In my experience with many different kinds of libraries, I have found that national libraries perform some of the most interesting, important, and challenging roles and likewise are involved in some of the most fascinating uses of automation and technology. I've had the opportunity to visit a few, including those in Colombia, Argentina, Sweden, Denmark, Slovenia, Austria, and Taiwan, as well as The British Library and the Library of Congress (LC). And I hope to add to the list. My exposure to these libraries has sparked an appreciation for the incredibly difficult tasks associated with building, preserving, and enabling access to collections at a national level and with providing relevant services throughout a nation. While each library has its own distinct character and scope of responsibilities, there is much they have in common. For example, on the technology front, these libraries make use of some of the most sophisticated automation systems available, and this benefits all types of libraries. I believe that almost all libraries derive some level of benefit, either direct or indirect, from the efforts of national libraries.
In my travels, I always look forward to touring the facilities of national libraries. These buildings are some of the most incredible and impressive examples of architecture in a city. Each building has its own distinctive style and character, but those that I have experienced offer inspiring places for the public to read and learn and for staff members to fulfill their tasks. I observe that these libraries almost always face a tension between old and new. Most of these buildings were originally designed and built long ago, but they must now find ways to accommodate current-day technologies. The Royal Library in Denmark, in which the modern architecture of the Black Diamond building is tethered to the original King's Library, exemplifies this creative tension.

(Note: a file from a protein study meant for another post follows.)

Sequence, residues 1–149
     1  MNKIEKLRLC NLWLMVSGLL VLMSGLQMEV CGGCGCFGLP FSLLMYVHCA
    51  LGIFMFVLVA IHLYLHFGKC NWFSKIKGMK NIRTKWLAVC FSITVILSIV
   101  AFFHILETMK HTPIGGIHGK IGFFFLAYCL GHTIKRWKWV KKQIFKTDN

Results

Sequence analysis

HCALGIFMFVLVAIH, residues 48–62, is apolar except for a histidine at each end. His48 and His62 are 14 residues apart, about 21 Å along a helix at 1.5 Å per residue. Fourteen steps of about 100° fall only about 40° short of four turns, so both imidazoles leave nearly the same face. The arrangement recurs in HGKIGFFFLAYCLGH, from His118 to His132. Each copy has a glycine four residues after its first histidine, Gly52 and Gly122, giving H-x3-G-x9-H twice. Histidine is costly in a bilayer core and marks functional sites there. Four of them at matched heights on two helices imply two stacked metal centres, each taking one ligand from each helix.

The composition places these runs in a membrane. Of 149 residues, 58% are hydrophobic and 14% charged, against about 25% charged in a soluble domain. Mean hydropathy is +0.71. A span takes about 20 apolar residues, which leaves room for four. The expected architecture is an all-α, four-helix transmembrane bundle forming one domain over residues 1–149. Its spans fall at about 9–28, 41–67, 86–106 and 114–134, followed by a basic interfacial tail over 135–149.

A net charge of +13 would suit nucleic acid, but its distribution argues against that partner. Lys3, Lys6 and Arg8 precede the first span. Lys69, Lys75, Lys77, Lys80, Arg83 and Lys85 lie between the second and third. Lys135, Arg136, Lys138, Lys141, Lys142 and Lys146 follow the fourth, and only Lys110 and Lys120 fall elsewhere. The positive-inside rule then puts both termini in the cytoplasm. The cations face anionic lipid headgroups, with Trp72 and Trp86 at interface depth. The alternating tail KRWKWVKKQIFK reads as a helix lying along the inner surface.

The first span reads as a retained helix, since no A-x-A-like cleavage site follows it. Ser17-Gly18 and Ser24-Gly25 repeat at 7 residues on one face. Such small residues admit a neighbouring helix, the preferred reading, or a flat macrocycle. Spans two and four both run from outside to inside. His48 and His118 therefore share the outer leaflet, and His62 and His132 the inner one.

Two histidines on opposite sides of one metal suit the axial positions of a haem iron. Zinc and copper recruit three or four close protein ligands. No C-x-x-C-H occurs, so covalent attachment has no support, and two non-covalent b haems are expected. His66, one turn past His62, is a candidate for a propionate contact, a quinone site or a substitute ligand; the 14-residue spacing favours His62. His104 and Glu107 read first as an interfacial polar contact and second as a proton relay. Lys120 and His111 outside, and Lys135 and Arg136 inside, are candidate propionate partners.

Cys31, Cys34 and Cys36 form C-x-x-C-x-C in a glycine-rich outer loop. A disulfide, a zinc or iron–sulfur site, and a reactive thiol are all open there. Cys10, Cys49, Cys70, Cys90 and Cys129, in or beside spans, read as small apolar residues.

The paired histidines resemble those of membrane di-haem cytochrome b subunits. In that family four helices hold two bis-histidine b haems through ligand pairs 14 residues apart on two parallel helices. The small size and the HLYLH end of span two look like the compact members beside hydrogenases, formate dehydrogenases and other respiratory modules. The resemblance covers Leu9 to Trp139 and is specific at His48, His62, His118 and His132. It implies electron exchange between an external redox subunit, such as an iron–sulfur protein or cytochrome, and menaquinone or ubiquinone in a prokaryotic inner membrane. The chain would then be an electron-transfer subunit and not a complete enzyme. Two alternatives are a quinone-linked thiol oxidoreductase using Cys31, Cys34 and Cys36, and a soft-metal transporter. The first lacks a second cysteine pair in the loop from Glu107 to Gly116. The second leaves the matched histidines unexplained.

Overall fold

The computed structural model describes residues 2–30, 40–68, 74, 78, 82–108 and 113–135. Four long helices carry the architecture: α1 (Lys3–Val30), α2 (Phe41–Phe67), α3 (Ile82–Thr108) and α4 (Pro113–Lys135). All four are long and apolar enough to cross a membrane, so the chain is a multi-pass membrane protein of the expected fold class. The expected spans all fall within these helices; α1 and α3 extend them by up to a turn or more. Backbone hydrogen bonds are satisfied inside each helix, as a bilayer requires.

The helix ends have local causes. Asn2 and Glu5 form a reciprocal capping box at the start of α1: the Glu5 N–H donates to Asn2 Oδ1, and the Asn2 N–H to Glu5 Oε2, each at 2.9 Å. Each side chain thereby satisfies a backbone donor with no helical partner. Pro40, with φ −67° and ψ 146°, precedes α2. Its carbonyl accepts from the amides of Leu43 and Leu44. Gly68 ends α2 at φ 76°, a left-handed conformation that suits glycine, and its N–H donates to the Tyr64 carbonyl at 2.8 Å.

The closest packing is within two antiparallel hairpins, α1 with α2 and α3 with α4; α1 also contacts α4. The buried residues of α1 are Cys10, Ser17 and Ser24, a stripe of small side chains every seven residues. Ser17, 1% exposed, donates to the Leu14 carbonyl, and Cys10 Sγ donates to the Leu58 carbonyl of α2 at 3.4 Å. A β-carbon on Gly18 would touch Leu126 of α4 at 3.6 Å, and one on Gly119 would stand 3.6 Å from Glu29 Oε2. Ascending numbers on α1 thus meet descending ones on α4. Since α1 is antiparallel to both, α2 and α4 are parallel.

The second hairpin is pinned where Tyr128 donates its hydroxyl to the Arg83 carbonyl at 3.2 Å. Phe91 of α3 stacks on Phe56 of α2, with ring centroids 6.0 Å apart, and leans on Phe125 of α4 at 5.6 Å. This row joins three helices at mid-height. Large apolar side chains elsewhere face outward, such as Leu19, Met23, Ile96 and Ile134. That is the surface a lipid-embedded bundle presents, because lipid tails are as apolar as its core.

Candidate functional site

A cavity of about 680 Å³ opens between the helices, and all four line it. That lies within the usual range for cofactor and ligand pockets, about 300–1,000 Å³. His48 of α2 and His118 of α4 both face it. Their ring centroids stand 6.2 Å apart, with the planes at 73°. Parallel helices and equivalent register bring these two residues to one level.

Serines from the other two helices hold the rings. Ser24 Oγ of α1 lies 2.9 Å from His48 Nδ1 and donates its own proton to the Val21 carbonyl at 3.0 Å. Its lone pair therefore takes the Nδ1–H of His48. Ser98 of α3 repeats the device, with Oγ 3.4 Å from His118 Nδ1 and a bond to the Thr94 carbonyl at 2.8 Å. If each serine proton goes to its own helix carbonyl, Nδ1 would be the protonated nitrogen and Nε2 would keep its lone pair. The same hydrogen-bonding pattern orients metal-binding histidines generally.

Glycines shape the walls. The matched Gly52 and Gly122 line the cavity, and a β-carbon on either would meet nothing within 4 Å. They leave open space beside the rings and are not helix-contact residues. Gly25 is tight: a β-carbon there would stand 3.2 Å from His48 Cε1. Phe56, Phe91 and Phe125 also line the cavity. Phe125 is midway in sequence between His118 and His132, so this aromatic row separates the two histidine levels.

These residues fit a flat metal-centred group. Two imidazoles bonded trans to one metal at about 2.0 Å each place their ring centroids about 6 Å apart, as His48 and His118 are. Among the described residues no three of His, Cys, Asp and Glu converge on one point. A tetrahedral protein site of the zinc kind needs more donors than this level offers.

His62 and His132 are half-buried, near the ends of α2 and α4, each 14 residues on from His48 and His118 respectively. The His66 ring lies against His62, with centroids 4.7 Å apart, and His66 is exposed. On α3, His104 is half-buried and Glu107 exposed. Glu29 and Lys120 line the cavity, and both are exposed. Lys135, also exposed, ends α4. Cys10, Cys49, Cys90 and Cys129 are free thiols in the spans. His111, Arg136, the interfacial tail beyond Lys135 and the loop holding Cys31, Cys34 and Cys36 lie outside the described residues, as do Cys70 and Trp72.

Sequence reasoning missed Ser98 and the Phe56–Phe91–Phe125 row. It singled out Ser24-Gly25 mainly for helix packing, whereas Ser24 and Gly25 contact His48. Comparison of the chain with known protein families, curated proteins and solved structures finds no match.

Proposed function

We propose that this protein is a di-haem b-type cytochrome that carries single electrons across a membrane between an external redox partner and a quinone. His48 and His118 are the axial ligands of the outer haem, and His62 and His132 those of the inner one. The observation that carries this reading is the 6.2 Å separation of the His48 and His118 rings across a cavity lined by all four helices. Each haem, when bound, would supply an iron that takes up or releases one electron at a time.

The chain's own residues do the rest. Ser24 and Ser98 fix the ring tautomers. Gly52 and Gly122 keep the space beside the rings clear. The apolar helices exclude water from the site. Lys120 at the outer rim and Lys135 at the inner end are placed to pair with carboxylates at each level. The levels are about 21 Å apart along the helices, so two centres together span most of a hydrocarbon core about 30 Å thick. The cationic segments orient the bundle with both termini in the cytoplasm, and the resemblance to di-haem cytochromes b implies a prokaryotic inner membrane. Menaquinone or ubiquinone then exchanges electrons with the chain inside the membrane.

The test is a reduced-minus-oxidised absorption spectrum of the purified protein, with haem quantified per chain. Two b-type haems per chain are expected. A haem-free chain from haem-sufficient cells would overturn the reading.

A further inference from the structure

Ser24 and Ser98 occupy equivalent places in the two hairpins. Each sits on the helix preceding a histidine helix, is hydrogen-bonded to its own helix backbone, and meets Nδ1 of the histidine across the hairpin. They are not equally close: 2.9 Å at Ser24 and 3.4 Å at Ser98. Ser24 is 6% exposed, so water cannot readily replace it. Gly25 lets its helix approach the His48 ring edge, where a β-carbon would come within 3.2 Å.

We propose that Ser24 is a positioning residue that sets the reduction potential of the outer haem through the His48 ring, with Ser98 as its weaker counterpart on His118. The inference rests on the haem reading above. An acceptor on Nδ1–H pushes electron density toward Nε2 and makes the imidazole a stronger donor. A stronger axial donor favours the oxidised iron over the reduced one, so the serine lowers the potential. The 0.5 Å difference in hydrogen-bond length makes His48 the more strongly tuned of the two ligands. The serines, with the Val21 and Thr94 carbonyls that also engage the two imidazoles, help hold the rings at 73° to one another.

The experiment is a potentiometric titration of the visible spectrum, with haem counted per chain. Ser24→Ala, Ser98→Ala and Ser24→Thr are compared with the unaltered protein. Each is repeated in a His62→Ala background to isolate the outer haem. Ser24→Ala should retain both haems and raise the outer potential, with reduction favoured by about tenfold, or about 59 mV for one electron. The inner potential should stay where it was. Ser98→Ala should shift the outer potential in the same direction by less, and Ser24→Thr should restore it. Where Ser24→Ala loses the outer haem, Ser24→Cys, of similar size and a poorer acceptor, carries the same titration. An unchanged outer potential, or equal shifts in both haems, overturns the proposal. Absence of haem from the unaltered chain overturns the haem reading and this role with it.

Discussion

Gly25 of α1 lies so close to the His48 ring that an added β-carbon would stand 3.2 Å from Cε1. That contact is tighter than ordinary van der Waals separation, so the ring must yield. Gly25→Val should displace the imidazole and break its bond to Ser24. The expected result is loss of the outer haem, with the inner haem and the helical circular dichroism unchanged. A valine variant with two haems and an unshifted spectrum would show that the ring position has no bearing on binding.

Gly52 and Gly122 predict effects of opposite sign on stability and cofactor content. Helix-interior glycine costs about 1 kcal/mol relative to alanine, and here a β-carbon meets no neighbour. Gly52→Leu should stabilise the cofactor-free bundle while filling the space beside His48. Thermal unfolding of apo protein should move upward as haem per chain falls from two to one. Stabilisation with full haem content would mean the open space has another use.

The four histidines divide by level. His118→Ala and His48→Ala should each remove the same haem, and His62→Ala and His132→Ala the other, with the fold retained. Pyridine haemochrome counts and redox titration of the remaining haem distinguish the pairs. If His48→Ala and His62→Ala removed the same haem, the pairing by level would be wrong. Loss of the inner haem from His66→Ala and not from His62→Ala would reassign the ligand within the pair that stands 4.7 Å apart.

Operating at the National Level
Managing a library collection at the national level follows quite a different set of assumptions than hold for typical academic or public libraries. These collections, often comprehensive of all materials published in a country, press the limits of scale in terms of the sizes of collections. A national library collection might, for example, stand as the definitive collection of the literature of a given ethnic group, language, or other slice of international culture within its geographic boundaries.
While other libraries follow selection criteria to build their circulating or research collections, most national libraries aim to collect all published materials. Compared to public libraries that acquire a selection of materials to form a circulating collection to meet the interests of their current users, national libraries build comprehensive collections of cultural heritage in the interests of posterity as well as for current researchers.
These collections also span a full range of material types--from manuscripts to books, periodicals, physical artifacts, film, and, in recent decades, increasing proportions of digitized representations of traditional materials and born-digital content such as web archives, digital audio and video, and electronic public records. New forms of media and technology have produced an array of content that adds considerably to the complexity of building collections of national significance.
On my visits to national libraries, my hosts are often keen to show some of the most ancient and valuable treasures of their collections. These objects include the writings of the most important literary figures in the country's history, as well as the earliest examples of written language or of the first printed works. While I'm not a historian or a connoisseur of antiquities, even I can appreciate the incredible significance of these rare and ancient specimens that reside within these national collections. …